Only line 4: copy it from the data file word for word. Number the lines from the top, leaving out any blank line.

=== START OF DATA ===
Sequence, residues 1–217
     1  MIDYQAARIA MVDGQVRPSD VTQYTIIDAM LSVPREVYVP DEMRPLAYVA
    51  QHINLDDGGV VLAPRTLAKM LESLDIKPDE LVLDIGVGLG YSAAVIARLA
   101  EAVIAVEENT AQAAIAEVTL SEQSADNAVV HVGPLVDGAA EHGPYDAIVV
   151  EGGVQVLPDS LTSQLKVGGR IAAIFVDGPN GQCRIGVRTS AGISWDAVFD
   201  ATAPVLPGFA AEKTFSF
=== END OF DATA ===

   101  EAVIAVEENT AQAAIAEVTL SEQSADNAVV HVGPLVDGAA EHGPYDAIVV